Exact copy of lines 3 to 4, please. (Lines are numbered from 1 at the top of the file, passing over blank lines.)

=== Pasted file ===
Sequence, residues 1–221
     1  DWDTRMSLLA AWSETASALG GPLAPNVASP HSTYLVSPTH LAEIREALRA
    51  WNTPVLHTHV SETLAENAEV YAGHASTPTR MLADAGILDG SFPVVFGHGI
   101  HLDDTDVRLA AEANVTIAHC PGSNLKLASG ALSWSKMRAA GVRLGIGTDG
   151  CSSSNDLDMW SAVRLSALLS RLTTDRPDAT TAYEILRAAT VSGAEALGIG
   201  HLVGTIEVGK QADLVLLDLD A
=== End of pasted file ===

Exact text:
    51  WNTPVLHTHV SETLAENAEV YAGHASTPTR MLADAGILDG SFPVVFGHGI
   101  HLDDTDVRLA AEANVTIAHC PGSNLKLASG ALSWSKMRAA GVRLGIGTDG